Thing is, the number of enshrined kicking guys is the same as the number of wide receivers who occupy that prestigious institution.
Thuh-ree. Chris Burford, Otis Taylor, and recently Carlos Carson. Tha's it.
Annnd, guess how many quarterback names are up there? If you were there at Arrowhead enjoying a splendid Chiefs victory -- go ahead, right now, just do a mental tour of the Ring of Honor -- and you were to look up at all those names that surround you as you sit in the stands, check it out, look around and find all the great Chiefs who were quarterbacks, arguably the most important position in the game of professional football, guess how many you would find?
Yeah. There is one. You know who he is, he last played a game in December of 1975, 42 years ago.
Since then? At Chiefs quarterback? While there have been some fine players doing some fine things out there for a little while, we all know...
Chiefs quarterbacking has been a barren wasteland. Again, to say nothing about these players -- all fine gentlemen indeed, all extending spirited contributions to good Chiefs things in the regular season -- there has simply not been anyone at the quarterback position who has shown they can sustain the durability and level of play particularly in the postseason to merit a place on the Chiefs Ring of Honor. Much of this is because of The Quarterback Project, the main thrust of which is you cannot get a good solid window of achieving postseason success unless you've got a drafted and developed quarterback no matter how exceptionally talented the one you have is -- Joe Montana, Rich Gannon, Trent Green, even Alex Smith among them.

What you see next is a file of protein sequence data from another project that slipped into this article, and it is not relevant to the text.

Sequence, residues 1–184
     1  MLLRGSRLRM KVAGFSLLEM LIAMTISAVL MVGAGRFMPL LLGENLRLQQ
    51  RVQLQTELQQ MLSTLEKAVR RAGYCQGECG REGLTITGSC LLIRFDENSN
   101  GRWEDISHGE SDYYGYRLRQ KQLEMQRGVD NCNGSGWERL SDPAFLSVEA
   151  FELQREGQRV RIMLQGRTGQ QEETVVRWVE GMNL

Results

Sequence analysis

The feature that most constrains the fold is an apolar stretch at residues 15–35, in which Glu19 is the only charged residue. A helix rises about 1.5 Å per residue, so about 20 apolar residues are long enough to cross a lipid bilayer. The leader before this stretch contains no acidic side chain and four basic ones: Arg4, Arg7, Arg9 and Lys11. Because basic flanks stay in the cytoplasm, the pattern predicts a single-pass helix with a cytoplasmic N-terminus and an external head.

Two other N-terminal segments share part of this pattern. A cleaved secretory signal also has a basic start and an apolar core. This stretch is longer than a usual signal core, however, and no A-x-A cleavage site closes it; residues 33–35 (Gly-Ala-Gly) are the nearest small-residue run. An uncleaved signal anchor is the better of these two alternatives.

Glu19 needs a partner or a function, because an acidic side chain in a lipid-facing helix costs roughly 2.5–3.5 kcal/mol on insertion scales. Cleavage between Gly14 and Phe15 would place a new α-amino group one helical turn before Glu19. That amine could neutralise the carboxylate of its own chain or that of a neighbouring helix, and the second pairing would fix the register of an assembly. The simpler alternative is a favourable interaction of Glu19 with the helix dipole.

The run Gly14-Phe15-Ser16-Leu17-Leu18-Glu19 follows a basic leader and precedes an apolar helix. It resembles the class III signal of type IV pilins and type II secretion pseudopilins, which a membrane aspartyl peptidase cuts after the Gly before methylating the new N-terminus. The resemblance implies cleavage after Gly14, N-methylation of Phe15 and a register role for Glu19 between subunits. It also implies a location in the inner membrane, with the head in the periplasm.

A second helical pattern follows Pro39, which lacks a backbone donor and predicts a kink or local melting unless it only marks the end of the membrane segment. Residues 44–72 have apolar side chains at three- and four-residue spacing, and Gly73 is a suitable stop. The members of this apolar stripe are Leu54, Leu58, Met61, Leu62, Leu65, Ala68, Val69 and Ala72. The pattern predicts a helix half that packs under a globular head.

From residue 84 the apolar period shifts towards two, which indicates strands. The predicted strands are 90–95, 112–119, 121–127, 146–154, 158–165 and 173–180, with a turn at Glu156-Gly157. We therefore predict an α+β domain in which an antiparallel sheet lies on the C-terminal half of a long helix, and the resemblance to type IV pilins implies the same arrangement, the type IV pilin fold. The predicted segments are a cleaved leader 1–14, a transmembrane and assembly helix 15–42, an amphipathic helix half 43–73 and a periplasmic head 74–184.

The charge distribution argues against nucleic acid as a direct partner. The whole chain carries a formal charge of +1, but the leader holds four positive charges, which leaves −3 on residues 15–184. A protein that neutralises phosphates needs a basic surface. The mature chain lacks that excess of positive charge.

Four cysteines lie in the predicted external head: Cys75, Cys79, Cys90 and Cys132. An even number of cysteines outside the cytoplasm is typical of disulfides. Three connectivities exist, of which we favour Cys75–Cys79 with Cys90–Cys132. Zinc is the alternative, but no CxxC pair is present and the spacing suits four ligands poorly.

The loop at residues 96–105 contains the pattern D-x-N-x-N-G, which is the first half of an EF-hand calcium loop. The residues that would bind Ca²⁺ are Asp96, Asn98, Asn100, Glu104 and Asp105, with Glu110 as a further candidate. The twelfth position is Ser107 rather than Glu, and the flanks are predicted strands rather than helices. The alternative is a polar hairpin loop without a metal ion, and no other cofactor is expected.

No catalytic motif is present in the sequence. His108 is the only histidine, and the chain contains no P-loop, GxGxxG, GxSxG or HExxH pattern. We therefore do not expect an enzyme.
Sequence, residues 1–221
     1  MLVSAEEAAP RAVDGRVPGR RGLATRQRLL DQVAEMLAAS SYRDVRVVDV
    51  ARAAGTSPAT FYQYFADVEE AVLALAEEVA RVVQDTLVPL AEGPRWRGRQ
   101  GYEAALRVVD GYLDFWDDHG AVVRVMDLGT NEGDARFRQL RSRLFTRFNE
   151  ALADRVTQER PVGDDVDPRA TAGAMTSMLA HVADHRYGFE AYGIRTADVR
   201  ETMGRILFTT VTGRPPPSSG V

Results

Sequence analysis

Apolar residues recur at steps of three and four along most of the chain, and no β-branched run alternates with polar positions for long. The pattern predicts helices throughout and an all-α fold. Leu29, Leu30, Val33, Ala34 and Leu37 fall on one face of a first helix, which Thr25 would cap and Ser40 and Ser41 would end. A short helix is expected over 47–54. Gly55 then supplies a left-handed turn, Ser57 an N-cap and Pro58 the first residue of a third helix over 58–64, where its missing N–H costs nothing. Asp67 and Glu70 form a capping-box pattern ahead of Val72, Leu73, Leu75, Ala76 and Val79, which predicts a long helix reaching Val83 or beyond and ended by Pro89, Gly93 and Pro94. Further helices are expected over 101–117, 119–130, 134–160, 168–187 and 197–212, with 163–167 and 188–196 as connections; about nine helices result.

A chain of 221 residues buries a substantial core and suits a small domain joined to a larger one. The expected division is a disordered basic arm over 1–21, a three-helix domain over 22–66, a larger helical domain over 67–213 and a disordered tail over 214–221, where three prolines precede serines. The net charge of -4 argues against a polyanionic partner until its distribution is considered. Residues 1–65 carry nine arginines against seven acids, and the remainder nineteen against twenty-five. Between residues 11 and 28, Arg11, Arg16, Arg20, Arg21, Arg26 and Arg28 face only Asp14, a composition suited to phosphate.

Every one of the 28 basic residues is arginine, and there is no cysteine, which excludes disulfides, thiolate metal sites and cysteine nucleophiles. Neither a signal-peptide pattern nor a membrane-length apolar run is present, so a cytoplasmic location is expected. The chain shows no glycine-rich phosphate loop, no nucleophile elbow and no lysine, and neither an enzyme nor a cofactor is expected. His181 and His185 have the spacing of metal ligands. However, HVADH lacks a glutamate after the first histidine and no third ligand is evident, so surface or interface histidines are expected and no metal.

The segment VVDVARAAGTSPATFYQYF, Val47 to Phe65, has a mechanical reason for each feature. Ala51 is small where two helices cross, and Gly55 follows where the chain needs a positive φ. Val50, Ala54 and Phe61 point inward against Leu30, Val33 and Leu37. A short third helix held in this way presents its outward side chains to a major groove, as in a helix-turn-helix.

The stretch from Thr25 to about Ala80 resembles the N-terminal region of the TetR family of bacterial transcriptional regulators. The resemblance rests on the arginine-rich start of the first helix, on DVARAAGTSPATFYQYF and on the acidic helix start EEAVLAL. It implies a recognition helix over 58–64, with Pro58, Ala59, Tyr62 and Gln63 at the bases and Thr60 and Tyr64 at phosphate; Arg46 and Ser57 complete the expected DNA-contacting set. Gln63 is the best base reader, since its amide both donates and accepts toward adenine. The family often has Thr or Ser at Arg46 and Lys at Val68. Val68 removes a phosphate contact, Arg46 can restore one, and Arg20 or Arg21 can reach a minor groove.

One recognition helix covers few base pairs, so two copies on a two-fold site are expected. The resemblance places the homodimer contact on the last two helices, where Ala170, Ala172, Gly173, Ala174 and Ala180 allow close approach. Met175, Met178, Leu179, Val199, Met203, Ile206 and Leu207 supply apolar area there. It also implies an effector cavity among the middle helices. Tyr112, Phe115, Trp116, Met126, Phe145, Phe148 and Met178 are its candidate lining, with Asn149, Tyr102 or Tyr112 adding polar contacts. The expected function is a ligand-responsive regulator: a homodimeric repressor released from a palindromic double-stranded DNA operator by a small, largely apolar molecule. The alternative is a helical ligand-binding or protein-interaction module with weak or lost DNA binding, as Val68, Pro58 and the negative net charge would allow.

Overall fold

A couple years ago I realized that the very same affliction has plagued the Chiefs at the wide receiver position. It may very well be that the two deficits together have aggravated the issue -- quarterbacks and wide receivers must work together with an almost transcendent mental precision, and through the years the Chiefs have just not had it, not at that consistent got-it level that gets you deep into the postseason. Again taking nothing away from those fine proud Chiefs players, I think most would agree that our winning seasons through the years have been much because of our stellar defensive play and our powerful running games (six offensive linemen, by the way, are in the Chiefs Hall).
Yes some quarterbacks and wide receivers came in and did well, but without that sustained play from those who'd eventually see their names on that Ring, the Chiefs have been doomed to slog along with extraordinarily little in the way of postseason glory.
Well guess what.
We now have our first legitimate shot at seeing that change, and right now the Chiefs Kingdom is ecstatic over the present state of affairs. Every Chiefs fan is seeing stars -- namely